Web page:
As can be seen from the above description, according to this embodiment, the prior probabilities of occurrence of respective words to be recognized are considered in the weights of the words to be recognized, which are calculated using the frequency-of-occurrence information of previously input words to be recognized and the position information associated with the words to be recognized. In this way, even the names of areas which are rarely input by the user can be easily recognized if they are high-profile names.

Third Embodiment

In the first embodiment, the weight is updated using the position information associated with each word to be recognized. More specifically, a surrounding word group must be determined for each word to update its weight, and when a weight according to the distances between the word of interest and surrounding word group is to be applied, inter-word distances must be calculated. This embodiment will explain a method that can skip the process for calculating the surrounding word group or inter-word distances upon updating weights by calculating the inter-word distances in advance.

If the position information of each word to be recognized is known, a word set of surrounding words with respect to the word of interest in an arbitrary region such as a rectangular region, circular region, or the like mentioned above can be obtained in advance as a surrounding word group table. FIG. 14 shows an example of the surrounding word group table. In this example, the table holds the number of words present in the surrounding region and word IDs of these words in association with each word ID. If a table that holds the information of this table in place of the longitude information and latitude-information in FIG. 5 is used as the position/frequency-of-occurrence table 114, the determination process of a word group within the region required in the calculations of equation (1) can be implemented by simple table lookup.

FIG. 15 shows an example of a surrounding word group table when the surrounding word group table in FIG. 14 holds distance information between the word of interest and each surrounding word together. If a table that holds the information of this table in place of the longitude information and latitude information in FIG. 5 is used as the position/frequency-of-occurrence table 114, the determination process of a word group within the region and the calculation process of inter-word distances required in the calculations of equation (4) can be implemented by simple table lookup, if the surrounding region is a circular region.

The process using the table shown in FIG. 14 or 15 can be applied only when a region where surrounding words are to be obtained is determined in advance. More specifically, this process can be applied when 2RX and 2RY in the rectangular region and the radius in the circular region are constant irrespective of updated frequencies of occurrences and weights. If these regions change, surrounding word groups included in the regions change in correspondence with changes in region. In such case, a distance table between all words shown in FIG. 16 may be used. If the surrounding region is a rectangular region and each weight is calculated using equation (4), whether or not each word is included in the region cannot be determined by only the inter-word distance. Hence, the longitude information and latitude information must be held in addition to the information in FIG. 16.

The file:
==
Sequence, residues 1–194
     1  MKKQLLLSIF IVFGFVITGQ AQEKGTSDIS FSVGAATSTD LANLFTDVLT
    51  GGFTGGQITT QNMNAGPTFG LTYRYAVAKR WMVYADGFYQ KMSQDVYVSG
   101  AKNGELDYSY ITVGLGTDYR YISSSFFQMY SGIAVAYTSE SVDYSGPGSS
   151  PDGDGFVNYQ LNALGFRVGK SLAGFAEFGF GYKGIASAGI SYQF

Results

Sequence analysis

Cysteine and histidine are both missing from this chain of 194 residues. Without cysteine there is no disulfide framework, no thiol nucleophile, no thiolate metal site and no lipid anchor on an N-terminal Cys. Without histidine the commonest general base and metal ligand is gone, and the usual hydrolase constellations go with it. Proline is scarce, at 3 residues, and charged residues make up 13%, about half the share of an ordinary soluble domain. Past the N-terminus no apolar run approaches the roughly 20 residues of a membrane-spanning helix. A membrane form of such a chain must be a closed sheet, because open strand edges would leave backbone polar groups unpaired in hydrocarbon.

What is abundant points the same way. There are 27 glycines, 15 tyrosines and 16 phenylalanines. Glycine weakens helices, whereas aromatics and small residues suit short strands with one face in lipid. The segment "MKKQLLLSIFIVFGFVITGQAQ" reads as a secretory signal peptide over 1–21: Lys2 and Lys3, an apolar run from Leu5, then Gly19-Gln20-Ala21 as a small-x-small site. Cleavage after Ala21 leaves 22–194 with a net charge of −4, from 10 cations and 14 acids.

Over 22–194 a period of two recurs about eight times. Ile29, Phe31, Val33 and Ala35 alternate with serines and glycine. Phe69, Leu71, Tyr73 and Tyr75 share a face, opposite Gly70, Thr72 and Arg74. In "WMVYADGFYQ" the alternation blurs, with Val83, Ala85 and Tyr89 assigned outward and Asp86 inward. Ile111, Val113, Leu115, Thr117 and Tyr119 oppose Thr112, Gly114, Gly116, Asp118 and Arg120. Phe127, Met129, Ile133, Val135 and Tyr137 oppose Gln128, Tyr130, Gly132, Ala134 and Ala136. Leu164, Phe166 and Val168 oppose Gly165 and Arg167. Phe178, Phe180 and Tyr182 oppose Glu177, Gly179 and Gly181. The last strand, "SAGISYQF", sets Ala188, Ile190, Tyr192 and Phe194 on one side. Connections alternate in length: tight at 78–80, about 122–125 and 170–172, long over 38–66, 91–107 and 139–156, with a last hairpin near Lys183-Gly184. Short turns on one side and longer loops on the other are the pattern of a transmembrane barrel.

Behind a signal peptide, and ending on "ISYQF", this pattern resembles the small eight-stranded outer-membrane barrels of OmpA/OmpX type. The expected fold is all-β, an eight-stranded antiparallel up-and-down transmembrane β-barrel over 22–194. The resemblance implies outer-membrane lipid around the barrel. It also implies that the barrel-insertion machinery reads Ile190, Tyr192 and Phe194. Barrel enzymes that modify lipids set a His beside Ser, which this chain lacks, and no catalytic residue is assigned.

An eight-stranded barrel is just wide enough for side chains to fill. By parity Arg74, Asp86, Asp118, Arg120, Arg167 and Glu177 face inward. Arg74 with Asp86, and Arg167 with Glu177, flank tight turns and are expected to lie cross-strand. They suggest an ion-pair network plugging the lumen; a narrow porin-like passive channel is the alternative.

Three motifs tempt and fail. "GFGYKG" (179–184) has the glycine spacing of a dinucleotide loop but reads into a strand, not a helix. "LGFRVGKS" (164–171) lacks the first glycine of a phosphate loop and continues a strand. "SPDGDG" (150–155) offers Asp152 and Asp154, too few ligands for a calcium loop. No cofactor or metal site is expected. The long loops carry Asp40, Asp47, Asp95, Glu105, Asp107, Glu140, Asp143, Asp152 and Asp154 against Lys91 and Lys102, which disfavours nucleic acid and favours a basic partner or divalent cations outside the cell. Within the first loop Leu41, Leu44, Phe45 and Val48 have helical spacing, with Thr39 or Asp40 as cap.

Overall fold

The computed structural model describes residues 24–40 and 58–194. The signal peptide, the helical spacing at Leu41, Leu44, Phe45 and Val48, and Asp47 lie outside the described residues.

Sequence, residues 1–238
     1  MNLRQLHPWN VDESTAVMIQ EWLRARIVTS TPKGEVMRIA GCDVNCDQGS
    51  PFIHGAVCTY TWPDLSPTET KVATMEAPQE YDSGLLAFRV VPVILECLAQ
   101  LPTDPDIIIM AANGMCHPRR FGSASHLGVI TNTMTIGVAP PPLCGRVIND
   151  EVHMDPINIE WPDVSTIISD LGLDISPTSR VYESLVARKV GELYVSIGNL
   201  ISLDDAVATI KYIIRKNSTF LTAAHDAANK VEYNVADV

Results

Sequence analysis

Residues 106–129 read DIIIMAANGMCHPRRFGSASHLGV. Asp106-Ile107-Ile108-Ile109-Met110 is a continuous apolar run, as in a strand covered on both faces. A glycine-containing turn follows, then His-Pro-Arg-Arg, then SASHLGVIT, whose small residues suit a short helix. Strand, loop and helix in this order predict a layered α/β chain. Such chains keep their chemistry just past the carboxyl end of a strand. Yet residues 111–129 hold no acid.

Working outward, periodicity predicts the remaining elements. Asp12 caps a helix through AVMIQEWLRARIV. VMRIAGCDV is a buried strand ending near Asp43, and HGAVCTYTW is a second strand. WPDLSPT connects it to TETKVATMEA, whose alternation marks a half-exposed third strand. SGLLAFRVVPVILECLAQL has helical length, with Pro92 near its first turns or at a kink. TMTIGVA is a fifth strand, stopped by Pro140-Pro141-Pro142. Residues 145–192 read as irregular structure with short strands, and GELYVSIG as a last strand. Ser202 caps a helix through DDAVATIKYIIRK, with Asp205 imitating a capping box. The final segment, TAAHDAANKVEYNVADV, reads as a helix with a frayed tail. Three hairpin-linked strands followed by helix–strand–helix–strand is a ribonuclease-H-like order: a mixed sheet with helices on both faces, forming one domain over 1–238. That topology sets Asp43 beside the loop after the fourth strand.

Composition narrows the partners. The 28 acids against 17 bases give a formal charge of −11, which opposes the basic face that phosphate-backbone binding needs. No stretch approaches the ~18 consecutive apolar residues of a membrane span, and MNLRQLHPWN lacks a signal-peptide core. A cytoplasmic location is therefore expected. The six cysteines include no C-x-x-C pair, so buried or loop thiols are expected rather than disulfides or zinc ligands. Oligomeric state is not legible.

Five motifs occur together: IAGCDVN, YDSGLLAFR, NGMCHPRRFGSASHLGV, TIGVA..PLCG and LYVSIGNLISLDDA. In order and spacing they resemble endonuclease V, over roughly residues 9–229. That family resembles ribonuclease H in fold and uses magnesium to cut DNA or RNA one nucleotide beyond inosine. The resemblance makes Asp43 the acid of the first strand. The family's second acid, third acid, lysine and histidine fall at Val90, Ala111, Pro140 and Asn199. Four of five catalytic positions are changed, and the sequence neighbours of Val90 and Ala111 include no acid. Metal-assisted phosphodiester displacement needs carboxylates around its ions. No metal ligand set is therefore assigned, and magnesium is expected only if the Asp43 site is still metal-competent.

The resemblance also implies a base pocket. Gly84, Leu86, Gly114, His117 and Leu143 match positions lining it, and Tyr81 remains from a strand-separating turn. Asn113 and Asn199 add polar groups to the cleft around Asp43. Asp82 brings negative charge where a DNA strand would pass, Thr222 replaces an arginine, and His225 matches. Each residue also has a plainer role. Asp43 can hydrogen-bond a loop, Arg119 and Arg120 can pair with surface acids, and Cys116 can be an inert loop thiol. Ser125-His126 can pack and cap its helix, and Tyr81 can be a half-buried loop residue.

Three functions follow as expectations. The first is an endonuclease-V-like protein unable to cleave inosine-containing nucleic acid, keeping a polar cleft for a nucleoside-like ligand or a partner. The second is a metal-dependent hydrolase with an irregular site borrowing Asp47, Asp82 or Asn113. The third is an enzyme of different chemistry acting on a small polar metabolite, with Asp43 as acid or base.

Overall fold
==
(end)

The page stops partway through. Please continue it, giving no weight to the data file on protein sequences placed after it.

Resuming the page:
When the distances between all words are held as a table, as shown in FIG. 16, the table size becomes huge, thus posing another problem. As a method of solving such problem, as shown in FIGS. 17A and 17B, graph expression may be used: words are considered as nodes, and neighboring words are connected via links, which hold inter-word distances. FIG. 17A is a schematic view of such graph expression, and FIG. 17B shows an example of internal data expression. In FIG. 17B, W is node information, to which a word ID is assigned. L is a link index, and S and E are node numbers to which that link is connected. In this example, a smaller node number is assigned to S, and a larger node number is assigned to E. Also, d is the link length, i.e., the inter-word distance. Using this graph data, the distance between non-neighboring words, i.e., the distance between words 1 and 3, can be calculated by approximation as the total distance of links, i.e., the sum total of the distances of L=3 and L=4, that is, d=25.0+20.0=45.0. Using such approximate distance, the data size can be greatly reduced compared to the table with the structure shown in FIG. 16, and all inter-word distances can be considered. If a plurality of paths are present upon calculating the inter-word distance, the total distance obtained from the path with the smallest distance is adopted as the inter-word distance.

Fourth Embodiment

In the embodiments described so far, the distance is explained as a slant distance between two spatial points such as the longitudes, latitudes, and the like. However, the present invention is not limited to this, and an arbitrary physical quantity may be defined as a distance. For example, the length of a rail track between two stations, the distance of an arterial road between two cities, the time required to travel between two points, and the like may be defined as the distance.